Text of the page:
Research Article | Open Access
Factors Associated with Growth Retardation in Children Suffering from Sickle Cell Anemia: First Report from Central Africa
Background. The aim of this study was to investigate and determine the risk factors associated with poor growth among SCA children. Methods. A cross-sectional study was conducted in Kinshasa, the capital’s country. The nutritional status was assessed using the Z scores of the anthropometric indices. Results. We gathered data on the 256 patients, 138 females (53.9%), who entered the study. The mean age at presentation was 8.4 ± 4.9 years of age. Underweight, stunting, and wasting were found, respectively, in 47.7%, 10.5%, and 50.3% of SCA children. A history of hand-foot syndrome, more than 3 blood transfusions, being less than 12 months of age when receiving the first transfusion, more than two severe sickle crises per year, a medical history of severe infections, and the presence of hepatomegaly were associated with poor growth. When comparing sickle cell patients under 12 years of age () to a group of 296 age-matched children with normal Hb-AA, a significantly higher proportion of subjects with stunting and underweight were found among SCA. Conclusion. Nutritional status encountered in Congolese sickle cell children has been described for the first time in this study. A high prevalence of poor growth in SCA children was found in our study.
Sickle cell anaemia (SCA) is the commonest genetic diseases in sub-Saharan Africa . In the Democratic Republic of Congo (DRC), the S allele prevalence in neonates ranges from 0.96% to 1.4%. According to 2010 estimation, the DRC contributed to the global burden of SCA with 39,800 [CI: 32,600–48,800] neonates each year .
SCA is an inflammatory disease characterized by chronic haemolysis, vasoocclusive crises, severe infection, and organ damage . It is known that the sickle cell neonates have a normal weight at birth [3, 4]. However, the disease with its attendant increased energy requirements has a negative effect on growth with a slow prepubertal growth and a delayed velocity compared with normal children . Many factors as endocrine and/or metabolic dysfunction, haematological status, and nutritional status may play an important role in growth failure [5, 6].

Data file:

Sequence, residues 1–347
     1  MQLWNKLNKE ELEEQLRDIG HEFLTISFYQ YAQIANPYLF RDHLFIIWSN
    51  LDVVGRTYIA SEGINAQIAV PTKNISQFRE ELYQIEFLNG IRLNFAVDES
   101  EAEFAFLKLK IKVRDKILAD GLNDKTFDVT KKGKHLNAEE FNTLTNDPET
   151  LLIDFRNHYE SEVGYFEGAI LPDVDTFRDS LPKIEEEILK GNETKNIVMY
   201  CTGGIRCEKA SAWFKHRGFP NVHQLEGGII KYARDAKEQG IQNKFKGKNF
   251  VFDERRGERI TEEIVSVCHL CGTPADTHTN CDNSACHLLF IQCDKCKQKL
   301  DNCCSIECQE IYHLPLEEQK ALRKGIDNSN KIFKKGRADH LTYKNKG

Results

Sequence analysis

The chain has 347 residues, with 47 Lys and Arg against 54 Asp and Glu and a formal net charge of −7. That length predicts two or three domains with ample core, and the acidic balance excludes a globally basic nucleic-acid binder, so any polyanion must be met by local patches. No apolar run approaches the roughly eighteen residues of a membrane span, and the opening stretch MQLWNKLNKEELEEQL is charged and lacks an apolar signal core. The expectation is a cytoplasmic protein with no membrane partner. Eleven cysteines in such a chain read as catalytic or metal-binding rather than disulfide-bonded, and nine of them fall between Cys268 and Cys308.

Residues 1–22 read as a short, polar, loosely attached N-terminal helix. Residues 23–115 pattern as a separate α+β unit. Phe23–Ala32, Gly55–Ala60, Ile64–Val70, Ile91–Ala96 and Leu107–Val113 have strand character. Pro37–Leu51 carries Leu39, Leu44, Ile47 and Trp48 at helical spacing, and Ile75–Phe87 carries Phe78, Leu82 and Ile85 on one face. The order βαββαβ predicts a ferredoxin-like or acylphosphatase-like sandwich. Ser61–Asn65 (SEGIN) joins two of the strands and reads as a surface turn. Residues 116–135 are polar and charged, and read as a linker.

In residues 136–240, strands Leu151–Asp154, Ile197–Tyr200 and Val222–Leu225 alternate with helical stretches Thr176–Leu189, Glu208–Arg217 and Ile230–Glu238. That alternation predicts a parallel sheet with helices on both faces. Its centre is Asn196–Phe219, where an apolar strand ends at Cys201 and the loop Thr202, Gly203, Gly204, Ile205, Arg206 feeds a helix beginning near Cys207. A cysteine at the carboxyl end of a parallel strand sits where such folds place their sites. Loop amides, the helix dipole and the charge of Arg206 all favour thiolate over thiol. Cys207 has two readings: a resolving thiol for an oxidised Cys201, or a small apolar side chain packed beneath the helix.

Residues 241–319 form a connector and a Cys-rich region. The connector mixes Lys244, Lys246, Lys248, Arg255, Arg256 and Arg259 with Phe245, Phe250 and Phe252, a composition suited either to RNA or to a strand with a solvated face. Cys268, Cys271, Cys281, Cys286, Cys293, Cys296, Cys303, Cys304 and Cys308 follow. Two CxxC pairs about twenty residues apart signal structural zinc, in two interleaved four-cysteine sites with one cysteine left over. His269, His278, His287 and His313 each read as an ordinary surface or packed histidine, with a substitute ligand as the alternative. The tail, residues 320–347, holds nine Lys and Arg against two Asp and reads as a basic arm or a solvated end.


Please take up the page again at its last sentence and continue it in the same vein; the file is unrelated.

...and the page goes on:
Great progress has been made in the care of children with SCA in recent decades [7, 8]. Management of this haemoglobinopathy has been changing and is excellent as we have patients with advanced age in developed countries [8, 9]. However, in developing countries such as the DRC, these cures are compromised by financial, human and laboratories resources deficiencies, inconsistent drug supplies, and delayed time of diagnosis [10, 11].
The determinants of low growth are not well understood and are probably due to phenotypic polymorphism due to haplotype, genetics factors, foetal haemoglobin level, specific nutrient deficiencies, and environmental factors [12–14]. Most studies are performed in sickle cell patients living in variable conditions that may affect growth and contribute to the difficulty to understand the mechanisms of growth in this population .
In the Democratic Republic of Congo (DRC), there is still very little information on nutritional status of children with SCA, because most provinces of this country lack paediatricians and vital hospital statistics scarcely contain sur information . Additionally, 80% of the population lives in extreme poverty and more than 70% are estimated to suffer from malnutrition. Furthermore, the severity of the disease added to the poverty living conditions may influence the sickle cell children’s growth curve . Despite the high incidence and prevalence of SCA and the risk of failure to thrive in these patients, there was a paucity of studies from Central Africa, highlighting a large knowledge gap for low-resource settings.
It is necessary for health planning to have the main characteristics of children with SCA living in the DRC. This information will give the whole view of patients and may serve to rule out public health and in-hospital politics in our midst.
Thus, the aim of this study was to determine the prevalence and secondly to investigate the risk factors associated with failure to thrive among SCA children living in Kinshasa, the DRC. Our findings were compared to the results of previous studies reported in the literature.
This cross-sectional study was conducted in three paediatric health facilities in Kinshasa, namely, Centre de santé Saint Sacrement de Binza (West), the Sickle Cell Center of Yolo (Centre), and Centre de Santé Saint Marc (East). These health facilities provide most of the paediatric sickle cell follow-up in Kinshasa, DRC. These hospitals also provide most of the nonprivate paediatrics beds in Kinshasa for sickle cell patients.